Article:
We ALL want to see the Rilato re-opened and, of course, restored. I am hoping it can be converted into multi-use and not just for rentals for so and so’s “Sweet Sixteen Party.” So, cheers “Rialto Saver” – good luck and I hope you can make a go of it. At least you’re trying which is more then can be said for the City of South Pasadena. You may wish to contact the city or maybe whoever is in charge of designating the Rialto a historic building, or perhaps Landmark Corporation in the hopes that they may have the info you need and again good luck – and thank you.
Gus’s BBQ has been sold and is now being completely gutted inside and will be remodeled, said to open in February 2008. I wonder what it will look like.
I can’t speak for this Saturday, but if you are in the wonderfully over-priced and over-rated city of South Pasadena, stop by the Rialto for “Eddie G’s Birthday Bash” on December 28th. It’s on the marquee.
P.S. The building is definitely on the market.
Anybody have photos of the Monterey Theater from after the remodel that included the larger neon marquee? I’d love to see it and recall my youth at this theater.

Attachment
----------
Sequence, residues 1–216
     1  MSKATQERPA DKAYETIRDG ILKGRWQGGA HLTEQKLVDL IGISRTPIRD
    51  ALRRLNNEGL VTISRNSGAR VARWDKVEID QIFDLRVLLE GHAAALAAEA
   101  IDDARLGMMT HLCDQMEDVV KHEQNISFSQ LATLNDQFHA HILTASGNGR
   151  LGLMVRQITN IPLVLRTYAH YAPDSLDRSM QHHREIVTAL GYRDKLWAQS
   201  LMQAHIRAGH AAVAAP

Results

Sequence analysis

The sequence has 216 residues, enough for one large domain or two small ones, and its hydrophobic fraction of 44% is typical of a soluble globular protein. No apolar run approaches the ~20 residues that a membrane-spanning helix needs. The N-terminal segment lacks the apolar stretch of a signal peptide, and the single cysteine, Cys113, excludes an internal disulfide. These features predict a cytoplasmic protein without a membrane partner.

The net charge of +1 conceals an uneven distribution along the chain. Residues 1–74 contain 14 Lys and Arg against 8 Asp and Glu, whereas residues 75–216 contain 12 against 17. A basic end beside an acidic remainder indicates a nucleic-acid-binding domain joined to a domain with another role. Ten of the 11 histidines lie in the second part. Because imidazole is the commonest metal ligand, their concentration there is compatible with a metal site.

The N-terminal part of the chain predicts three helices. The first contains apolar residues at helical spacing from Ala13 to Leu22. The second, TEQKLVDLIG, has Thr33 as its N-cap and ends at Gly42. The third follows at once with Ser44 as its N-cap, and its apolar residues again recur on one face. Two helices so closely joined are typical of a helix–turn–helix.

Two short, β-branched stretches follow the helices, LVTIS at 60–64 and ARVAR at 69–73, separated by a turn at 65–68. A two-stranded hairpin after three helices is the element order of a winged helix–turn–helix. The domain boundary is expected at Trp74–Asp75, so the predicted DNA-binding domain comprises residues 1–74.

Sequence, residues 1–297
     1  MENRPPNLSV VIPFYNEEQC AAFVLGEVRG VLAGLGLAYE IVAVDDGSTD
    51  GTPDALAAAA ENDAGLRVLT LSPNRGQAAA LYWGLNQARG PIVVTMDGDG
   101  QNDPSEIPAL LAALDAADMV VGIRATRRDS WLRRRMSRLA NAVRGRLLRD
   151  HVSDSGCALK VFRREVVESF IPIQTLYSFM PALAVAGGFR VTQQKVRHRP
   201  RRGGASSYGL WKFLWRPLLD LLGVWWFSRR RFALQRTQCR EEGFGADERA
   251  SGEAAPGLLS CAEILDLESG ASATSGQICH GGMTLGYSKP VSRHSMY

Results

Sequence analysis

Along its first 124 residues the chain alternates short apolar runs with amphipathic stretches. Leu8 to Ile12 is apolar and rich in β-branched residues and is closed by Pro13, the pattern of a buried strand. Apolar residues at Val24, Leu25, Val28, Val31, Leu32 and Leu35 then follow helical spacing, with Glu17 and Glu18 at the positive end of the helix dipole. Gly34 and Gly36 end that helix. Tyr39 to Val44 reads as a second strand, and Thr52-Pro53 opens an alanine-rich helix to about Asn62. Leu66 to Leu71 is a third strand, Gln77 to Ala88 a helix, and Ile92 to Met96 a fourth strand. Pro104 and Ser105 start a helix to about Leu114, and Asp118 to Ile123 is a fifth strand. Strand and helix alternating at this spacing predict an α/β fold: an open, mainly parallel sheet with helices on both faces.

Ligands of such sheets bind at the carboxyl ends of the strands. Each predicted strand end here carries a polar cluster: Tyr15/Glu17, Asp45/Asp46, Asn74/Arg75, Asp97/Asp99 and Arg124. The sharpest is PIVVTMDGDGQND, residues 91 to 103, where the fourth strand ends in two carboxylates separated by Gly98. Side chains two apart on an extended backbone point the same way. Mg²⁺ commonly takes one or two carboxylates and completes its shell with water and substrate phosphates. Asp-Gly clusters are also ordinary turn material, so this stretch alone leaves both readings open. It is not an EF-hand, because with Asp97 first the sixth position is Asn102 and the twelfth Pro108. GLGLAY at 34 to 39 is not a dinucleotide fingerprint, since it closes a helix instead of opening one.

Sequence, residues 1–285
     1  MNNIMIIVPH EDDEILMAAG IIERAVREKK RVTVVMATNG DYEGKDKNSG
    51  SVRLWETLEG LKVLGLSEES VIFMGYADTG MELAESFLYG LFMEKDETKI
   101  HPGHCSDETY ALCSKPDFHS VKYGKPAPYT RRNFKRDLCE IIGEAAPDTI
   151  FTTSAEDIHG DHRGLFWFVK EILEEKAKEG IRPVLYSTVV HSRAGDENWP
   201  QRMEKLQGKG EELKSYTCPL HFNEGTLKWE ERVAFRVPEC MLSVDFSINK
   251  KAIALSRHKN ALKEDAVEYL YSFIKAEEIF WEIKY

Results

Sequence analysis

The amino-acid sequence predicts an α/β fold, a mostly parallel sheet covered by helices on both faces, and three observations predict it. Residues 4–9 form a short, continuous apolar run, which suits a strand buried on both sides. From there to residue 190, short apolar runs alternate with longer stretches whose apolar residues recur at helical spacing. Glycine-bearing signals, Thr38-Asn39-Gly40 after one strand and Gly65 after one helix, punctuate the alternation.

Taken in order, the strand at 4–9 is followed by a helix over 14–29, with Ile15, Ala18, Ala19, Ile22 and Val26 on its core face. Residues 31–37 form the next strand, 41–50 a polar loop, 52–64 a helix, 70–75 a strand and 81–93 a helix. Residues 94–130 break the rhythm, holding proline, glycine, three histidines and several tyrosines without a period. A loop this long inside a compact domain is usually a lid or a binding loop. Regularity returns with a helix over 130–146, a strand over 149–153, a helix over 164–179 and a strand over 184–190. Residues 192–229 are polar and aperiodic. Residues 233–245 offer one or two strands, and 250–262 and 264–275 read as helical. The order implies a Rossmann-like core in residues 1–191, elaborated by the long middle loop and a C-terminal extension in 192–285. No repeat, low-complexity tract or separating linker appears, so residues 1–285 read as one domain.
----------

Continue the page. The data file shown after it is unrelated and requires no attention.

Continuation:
And thank you Joe Vogel for your comments and complete and thorough knowledge of the local and surrounding theaters. I am always amazed at how much you know and recall from your time growing up in the area.
And as for The Monterey Mall Cinemas on Atlantic Ave? I drove down Atlantic yesterday in front of the old site and the whole shoppping mall and buildings – including the old Monterey Mall theaters – have been razed and reduced to a smoking crater. So, what again will rise from the site of the theater I wonder?
R.I.P Monterey Mall Cinemas – 1979 to 2007
Stopped by the local Von’s which is located accross the street from the Rialto for a quart of milk (literally) last night and noticed that there is a sign on the southeast side of the building listing the building that houses the theater for sale. Anybody know if the owner is selling the building? As mentioned nothing is going on with the Rialto and though you can lease the theater through Landmark for special occasions or filming, the theater remains dark for the most part. Sometimes I see the young guy who managed the theater under Landmark when it was open through the front doors about the theater and lobby. He’s taken to listing fake movies on the marquee and turning on the Rialto’s neon marquee at night which is nice because it just looks so sad dark. This week he’s showing “What’s My Appeal” starring Hugh Grant and last week it was “Flesh Eaters.” I guess fake films are better than no films at the Rialto. Anyone with any info about The Rialto being up for sale would be appriciated and who, in fact, owns the building.